|Occasionally dogs will blink birds for reasons other than an accumulation of training errors. Lack of familiarity with the game to be retrieved can be a factor. We have participated in hunt tests in which chukar partridges were used. Several dogs that retrieved other species well blinked the chukars, perhaps because of unfamiliarity. We have had dogs that blinked doves on their first dove hunt. rudge, FC Oakhill Exponent, when sent from the boat on her first Canada goose, showed surprise when she got to the twelve-pound bird, but retrieved it flawlessly. |
Dogs (males, that is) will frequently blink a bird if sent to an area in which bitches (females, that is) in heat have been working. Testosterone takes over and bird interest disappears. We make a practice of periodic training with dogs on ground on which bitches in heat have been worked. You don't need to make ~ a steady practice of this, for fear of creating other difficulties. Our method employs the electronic dog training collar. When the dog puts his nose down to enjoy bitch scent, we say "No, Here!" accompanied by a nick with the collar. Then we move to the bird and command "Fetch," perhaps with an accompanying ear pinch or collar nick if he has been forced with the collar. Usually a few repetitions will serve to ensure your dog's retrieve, even though he encounters heat scent along the way.
In cases in which the training off bitch scent requires considerable pressure, you will likely find that your dog will refuse to breed. This is an issue that can usually be resolved with expert handling. Some dogs will only breed in a specific setting, such as the back yard. But this is preferable to having your dog yield; to the "call of the wild" when there are birds to be retrieved.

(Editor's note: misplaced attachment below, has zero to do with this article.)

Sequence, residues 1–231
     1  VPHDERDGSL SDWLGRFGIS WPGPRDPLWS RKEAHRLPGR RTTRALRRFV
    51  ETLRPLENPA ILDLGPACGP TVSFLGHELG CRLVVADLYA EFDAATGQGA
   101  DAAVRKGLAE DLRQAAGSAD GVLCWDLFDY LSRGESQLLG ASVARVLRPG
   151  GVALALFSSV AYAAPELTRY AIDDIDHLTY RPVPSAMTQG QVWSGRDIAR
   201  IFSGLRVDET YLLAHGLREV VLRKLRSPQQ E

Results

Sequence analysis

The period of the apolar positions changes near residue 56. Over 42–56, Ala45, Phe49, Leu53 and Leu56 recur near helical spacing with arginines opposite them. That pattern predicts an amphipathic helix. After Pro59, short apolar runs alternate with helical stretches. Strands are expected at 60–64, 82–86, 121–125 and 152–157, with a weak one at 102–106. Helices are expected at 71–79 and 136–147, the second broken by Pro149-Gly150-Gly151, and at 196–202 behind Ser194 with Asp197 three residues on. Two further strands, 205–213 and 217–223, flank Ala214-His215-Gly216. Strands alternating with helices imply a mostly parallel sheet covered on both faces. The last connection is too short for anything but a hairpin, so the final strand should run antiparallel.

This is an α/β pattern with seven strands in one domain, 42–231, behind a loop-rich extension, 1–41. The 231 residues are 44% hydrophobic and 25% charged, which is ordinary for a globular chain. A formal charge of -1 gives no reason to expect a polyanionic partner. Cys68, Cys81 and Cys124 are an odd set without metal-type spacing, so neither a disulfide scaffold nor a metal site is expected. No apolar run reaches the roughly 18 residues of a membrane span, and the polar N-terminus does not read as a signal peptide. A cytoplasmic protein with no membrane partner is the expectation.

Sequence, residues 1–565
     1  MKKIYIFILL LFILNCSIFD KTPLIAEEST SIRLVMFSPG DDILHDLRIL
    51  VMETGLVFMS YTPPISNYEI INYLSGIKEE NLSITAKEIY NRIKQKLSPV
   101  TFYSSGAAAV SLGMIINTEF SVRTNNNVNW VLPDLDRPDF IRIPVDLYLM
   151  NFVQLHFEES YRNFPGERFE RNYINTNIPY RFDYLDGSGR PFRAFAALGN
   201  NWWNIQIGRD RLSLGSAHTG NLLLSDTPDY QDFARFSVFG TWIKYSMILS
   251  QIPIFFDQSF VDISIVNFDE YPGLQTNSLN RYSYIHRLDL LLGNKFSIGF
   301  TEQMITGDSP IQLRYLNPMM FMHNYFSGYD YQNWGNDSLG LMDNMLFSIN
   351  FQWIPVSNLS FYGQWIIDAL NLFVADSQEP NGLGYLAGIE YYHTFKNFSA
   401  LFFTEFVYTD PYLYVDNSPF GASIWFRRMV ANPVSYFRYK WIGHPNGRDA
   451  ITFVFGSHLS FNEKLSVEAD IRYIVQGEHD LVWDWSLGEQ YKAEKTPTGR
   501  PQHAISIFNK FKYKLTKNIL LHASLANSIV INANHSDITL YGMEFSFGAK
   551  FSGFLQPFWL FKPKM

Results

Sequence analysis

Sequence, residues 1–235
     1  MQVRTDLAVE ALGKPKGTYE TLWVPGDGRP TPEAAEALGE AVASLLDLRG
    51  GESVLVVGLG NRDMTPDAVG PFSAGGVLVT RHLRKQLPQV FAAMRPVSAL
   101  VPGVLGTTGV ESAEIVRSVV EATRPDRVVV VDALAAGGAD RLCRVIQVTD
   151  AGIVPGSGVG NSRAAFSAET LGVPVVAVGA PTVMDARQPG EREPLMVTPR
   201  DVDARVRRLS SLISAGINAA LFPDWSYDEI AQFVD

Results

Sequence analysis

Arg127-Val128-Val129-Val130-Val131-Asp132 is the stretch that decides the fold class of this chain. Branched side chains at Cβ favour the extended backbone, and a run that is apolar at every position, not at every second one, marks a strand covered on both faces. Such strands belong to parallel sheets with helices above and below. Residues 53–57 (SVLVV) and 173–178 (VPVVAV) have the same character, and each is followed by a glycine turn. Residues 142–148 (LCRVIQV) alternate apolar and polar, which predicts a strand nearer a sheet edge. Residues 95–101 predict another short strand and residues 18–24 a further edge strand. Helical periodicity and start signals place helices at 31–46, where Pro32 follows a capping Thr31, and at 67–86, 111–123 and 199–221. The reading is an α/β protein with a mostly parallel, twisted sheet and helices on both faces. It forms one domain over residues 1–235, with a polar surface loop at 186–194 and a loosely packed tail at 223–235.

Probably the most common reason for bird blinking is "burnout." Dogs, just like people, have a breaking point, and it is our business as trainers to avoid passing that point. D. L. Walters once made the comment that it was his opinion that most amateurs train too much. There is much to be said for quit- ting before exhaustion begins to affect dog or trainer. Most pros, owing to their number of trainees, do not over-train. Short, to- the-point sessions with regular frequency are the answer, not long, belabored harangues.
Blinking, in general, can be treated by first removing the cause. Whether it is a result of overwork, confusing retriever training, or other mistakes, remove it. Add more bird work to your dog's training. Shot fliers and lots of work with birds he especially likes are good. Be sure to give your dog an abundance of the birds you are likely to encounter while hunting or in formal events. Of course, if you're invited to a sandhill crane hunt, you'll simply have to rely on luck.